Mersey Forest

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Mersey Forest
Looking across the Mersey Forest towards Billinge Hill - geograph.org.uk - 1740993.jpg
Looking across the Mersey Forest towards Billinge Hill
Geography
Map showing the location of Mersey Forest
Map showing the location of Mersey Forest
LocationMerseyside, England
Coordinates53°22′N 2°48′W / 53.367°N 2.800°W / 53.367; -2.800Coordinates: 53°22′N 2°48′W / 53.367°N 2.800°W / 53.367; -2.800
Status Community Forest
Websitewww.merseyforest.org.uk

The Mersey Forest is a network of woodlands and green spaces being created across Merseyside and North Cheshire by a wide-ranging partnership of different organisations including local authorities, community groups and businesses. The Mersey Forest is the biggest of twelve community forests covering 420 square miles (1,100 km2) and accessible to a local population of 1.6 million people. It stretches from Sefton to the north of Liverpool and south to Northwich in Cheshire. Delamere Forest in the south of the area being the largest area of established woodland. The forest is seen as having a major role in attracting new business and tourism to the area.[1]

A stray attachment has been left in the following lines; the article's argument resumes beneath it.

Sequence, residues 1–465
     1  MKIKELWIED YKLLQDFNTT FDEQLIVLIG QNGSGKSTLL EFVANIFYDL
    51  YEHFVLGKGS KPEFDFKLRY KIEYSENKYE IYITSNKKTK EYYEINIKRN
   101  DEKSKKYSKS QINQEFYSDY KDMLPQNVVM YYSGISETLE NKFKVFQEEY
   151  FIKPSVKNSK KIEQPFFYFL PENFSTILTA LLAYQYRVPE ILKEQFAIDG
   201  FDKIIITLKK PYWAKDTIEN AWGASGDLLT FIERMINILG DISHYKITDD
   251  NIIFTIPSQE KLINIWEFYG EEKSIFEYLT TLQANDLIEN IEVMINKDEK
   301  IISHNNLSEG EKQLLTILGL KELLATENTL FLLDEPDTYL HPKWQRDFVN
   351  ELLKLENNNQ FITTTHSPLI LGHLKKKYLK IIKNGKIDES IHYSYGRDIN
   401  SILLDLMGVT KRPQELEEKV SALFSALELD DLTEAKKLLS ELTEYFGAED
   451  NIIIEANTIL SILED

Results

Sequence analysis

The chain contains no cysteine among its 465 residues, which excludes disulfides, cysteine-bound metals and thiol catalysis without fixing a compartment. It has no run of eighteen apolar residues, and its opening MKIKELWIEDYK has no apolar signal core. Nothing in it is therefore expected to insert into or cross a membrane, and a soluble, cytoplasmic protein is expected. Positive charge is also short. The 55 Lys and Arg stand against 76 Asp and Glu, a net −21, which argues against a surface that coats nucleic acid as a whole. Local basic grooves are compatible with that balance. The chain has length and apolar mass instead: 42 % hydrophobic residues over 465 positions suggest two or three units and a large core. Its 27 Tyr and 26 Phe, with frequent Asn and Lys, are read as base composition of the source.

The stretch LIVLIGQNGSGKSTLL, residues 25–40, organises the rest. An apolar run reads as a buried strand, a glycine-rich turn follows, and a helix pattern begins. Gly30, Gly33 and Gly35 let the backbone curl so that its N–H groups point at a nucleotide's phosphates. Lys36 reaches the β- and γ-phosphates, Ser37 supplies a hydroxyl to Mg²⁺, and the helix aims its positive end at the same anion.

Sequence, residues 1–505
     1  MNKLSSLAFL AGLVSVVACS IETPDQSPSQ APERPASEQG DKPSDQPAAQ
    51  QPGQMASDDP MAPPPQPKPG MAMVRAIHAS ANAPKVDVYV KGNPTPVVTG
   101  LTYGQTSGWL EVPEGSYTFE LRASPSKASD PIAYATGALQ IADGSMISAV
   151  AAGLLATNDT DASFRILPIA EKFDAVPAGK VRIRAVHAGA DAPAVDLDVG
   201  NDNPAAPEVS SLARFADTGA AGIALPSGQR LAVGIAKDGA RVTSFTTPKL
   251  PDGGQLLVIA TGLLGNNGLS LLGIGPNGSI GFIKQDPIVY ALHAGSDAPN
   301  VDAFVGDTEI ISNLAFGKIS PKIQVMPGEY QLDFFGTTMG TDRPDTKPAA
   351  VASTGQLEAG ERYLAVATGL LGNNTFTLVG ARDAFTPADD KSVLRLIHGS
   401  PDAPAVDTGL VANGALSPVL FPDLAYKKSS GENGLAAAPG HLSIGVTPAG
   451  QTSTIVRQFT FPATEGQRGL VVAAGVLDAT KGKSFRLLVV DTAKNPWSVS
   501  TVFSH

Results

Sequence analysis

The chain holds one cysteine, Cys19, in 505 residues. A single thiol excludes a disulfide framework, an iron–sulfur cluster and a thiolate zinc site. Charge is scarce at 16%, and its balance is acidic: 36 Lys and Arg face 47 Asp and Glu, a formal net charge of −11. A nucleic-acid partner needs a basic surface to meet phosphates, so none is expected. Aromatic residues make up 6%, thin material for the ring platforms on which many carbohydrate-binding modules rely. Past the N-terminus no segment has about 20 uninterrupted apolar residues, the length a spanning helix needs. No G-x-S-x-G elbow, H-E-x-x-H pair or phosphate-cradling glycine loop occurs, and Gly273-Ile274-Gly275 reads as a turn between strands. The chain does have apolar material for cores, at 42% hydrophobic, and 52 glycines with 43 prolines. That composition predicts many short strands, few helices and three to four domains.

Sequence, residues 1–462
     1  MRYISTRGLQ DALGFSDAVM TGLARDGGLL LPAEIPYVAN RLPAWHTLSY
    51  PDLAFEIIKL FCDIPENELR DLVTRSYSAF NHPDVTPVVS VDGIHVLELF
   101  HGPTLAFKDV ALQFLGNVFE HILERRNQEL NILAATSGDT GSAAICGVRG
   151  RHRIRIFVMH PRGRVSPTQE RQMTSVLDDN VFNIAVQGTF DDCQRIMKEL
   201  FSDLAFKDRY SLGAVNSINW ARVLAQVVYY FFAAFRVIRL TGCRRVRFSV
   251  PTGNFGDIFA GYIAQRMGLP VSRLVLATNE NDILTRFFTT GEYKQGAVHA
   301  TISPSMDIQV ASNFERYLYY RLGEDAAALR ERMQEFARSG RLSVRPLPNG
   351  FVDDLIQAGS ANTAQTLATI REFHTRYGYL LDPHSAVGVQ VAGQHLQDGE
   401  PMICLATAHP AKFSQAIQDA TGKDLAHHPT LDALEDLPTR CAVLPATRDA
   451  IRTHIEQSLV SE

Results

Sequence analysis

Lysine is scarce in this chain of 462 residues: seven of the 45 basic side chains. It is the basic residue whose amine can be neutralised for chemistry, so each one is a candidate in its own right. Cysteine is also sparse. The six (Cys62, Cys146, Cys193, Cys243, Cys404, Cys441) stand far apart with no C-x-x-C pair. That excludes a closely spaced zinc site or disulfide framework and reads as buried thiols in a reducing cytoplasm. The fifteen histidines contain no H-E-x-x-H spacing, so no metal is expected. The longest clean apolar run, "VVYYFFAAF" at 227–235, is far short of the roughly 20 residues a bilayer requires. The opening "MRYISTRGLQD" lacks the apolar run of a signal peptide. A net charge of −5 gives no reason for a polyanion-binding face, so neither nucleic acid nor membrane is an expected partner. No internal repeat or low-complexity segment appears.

In common with the other community forests it is not a contiguous area of forest, but rather an initiative to increase forestry coverage in an area close to urban communities. An example of this at work is Griffin Wood, clearly visible from the M62 just to the south of St. Helens. This woodland was established in 2007, including Scott's Copse, planted in recognition of the work done by David Scott.[2]

Passengers at Liverpool's John Lennon Airport are able to offset the carbon used on their flight. The money raised is matched by the airport and used by Mersey Forest to plant new trees.[3]

The forest falls within the area of the proposed Northern Forest.[4]

References[edit]

  1. ^ Hansard: Questions about funding by Helen Jones MP. Retrieval Date: March 26, 2008.
  2. ^ Griffin Wood. Retrieval Date: March 26, 2008.
  3. ^ Liverpool Airport carbon offsetting program. Retrieval Date: March 26, 2008.
  4. ^ Nolan, Paul (October 2017). "Why a new northern forest is worth the investment" (PDF). Town & Country Planning: 407. Retrieved 8 January 2018.

External links[edit]